|Do some condoms kill HIV?
May 17, 2002
Is there a specific type of condom or lubricant foud on certain condoms that actually kills HIV?
| Response from Mr. Kull
Laboratory studies have shown that the spermicide nonoxynol-9 does kill HIV. For some time prevention messages have included the use of lubricants with spermicide to prevent the transmission of HIV. However, recent developments in transmission research have changed this recommendation.
The Centers for Disease Control is currently reviewing its recommendations for spermicide use in HIV prevention. The allergic reaction that some people have to N-9 may increase a person's risk for HIV infection when having sex with an HIV infected person. Any kind of irritation of mucosal membranes (the lining of the vagina, rectum, and urethra) can facilitate HIV infection.
Advantage-S is the gel containing nonoxynol-9 that was used in the studies of African sex workers. HIV-negative commercial sex workers who used this gel during sexual intercourse had a 50% higher rate of HIV infection than those who used a placebo gel. While sexual activity and amount of gel used is probably higher than the average population, it seems that N-9 probably offers no considerable benefit in HIV prevention.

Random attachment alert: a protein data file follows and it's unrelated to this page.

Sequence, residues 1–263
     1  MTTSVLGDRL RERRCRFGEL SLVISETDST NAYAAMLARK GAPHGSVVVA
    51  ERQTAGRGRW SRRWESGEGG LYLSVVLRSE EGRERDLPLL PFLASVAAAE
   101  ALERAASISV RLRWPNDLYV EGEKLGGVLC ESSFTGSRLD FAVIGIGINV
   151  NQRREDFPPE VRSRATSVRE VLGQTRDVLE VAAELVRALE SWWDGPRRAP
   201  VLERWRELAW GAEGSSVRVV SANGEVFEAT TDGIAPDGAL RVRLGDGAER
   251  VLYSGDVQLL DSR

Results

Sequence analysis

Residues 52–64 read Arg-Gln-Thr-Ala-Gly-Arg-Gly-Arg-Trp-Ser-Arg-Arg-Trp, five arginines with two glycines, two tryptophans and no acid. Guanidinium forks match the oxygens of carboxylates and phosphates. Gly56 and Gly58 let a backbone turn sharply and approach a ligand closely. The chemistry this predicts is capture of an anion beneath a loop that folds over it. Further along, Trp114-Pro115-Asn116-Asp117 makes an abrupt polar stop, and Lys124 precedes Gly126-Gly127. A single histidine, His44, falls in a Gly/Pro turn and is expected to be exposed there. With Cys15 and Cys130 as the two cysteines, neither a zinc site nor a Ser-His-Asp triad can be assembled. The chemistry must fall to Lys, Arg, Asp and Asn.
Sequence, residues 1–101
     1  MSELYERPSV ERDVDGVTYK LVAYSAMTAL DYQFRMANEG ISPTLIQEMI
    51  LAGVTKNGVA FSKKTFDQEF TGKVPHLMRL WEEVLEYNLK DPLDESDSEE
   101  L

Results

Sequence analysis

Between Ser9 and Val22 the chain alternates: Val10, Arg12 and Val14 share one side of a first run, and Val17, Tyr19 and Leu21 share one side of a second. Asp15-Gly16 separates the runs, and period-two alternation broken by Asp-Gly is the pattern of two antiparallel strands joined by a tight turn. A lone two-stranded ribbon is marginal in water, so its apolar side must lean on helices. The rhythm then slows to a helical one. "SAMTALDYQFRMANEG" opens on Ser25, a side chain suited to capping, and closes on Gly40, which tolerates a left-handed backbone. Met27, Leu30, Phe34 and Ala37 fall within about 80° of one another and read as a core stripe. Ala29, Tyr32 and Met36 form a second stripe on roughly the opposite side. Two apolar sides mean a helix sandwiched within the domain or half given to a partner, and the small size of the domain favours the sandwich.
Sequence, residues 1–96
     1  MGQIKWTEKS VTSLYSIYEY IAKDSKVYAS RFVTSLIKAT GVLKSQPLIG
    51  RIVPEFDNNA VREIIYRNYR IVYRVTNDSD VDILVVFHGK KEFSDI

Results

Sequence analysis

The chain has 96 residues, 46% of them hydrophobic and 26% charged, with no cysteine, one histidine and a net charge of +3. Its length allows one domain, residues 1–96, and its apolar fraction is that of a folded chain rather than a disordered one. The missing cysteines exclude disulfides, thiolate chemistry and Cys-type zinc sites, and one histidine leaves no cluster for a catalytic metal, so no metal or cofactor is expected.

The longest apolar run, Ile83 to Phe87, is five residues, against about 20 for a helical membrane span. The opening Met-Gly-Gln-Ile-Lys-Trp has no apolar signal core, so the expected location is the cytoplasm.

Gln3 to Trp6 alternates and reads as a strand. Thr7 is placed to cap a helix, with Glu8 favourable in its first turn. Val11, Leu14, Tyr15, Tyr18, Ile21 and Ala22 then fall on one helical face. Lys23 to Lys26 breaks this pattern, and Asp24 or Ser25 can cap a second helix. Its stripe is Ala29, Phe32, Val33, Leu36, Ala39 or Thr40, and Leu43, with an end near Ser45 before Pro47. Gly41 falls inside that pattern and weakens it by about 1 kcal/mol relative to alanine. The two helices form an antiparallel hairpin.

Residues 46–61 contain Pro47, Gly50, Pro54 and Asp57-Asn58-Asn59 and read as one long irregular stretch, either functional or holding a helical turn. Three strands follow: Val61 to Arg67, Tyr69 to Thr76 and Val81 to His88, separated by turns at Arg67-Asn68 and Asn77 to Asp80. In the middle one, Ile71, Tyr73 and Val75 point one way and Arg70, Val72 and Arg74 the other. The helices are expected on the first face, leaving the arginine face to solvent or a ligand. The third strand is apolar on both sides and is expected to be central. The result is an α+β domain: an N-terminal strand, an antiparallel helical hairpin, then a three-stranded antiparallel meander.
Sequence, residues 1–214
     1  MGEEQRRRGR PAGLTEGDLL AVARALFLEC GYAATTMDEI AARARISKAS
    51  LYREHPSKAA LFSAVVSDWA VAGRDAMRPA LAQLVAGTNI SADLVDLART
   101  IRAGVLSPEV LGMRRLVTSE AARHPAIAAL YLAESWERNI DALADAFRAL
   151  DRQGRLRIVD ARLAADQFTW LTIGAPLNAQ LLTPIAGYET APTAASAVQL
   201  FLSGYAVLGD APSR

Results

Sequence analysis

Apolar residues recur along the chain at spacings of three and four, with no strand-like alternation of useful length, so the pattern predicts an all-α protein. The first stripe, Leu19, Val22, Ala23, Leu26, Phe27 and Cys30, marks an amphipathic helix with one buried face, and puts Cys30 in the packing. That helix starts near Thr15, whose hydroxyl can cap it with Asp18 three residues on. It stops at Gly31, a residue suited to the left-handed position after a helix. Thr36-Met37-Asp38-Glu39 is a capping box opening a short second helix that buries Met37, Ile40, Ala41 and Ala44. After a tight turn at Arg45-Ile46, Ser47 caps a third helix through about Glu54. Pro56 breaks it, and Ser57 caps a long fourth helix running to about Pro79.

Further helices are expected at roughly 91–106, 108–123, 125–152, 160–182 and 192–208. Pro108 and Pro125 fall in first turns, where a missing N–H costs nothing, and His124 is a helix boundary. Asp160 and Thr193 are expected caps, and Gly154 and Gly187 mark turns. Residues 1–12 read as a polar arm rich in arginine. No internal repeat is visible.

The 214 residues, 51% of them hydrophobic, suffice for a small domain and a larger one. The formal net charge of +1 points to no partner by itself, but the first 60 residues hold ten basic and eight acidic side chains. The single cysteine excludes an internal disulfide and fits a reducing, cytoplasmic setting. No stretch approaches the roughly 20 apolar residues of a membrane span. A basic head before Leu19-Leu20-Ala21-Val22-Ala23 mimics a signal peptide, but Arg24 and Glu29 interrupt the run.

Until more information about other spermicides is available, I would suggest that you recommend the following to your population:
1) Always use a condom for vaginal and anal sex.
2) Do not use nonoxynol-9 without condoms as a means of disease prevention.
3) If possible, use unlubricated condoms with a gel/lubricant that does not contain spermicides. Lubricated condoms sometimes contain detergents that cause irritation.
4) Using a condom with N-9 on it is better than not using a condom at all.
5) Your best bet is using a condom and lube for sex. There are no condoms or lube that are known to kill HIV, besided spermicides. More research is being conducted on microbicides so that people have more options in the future.
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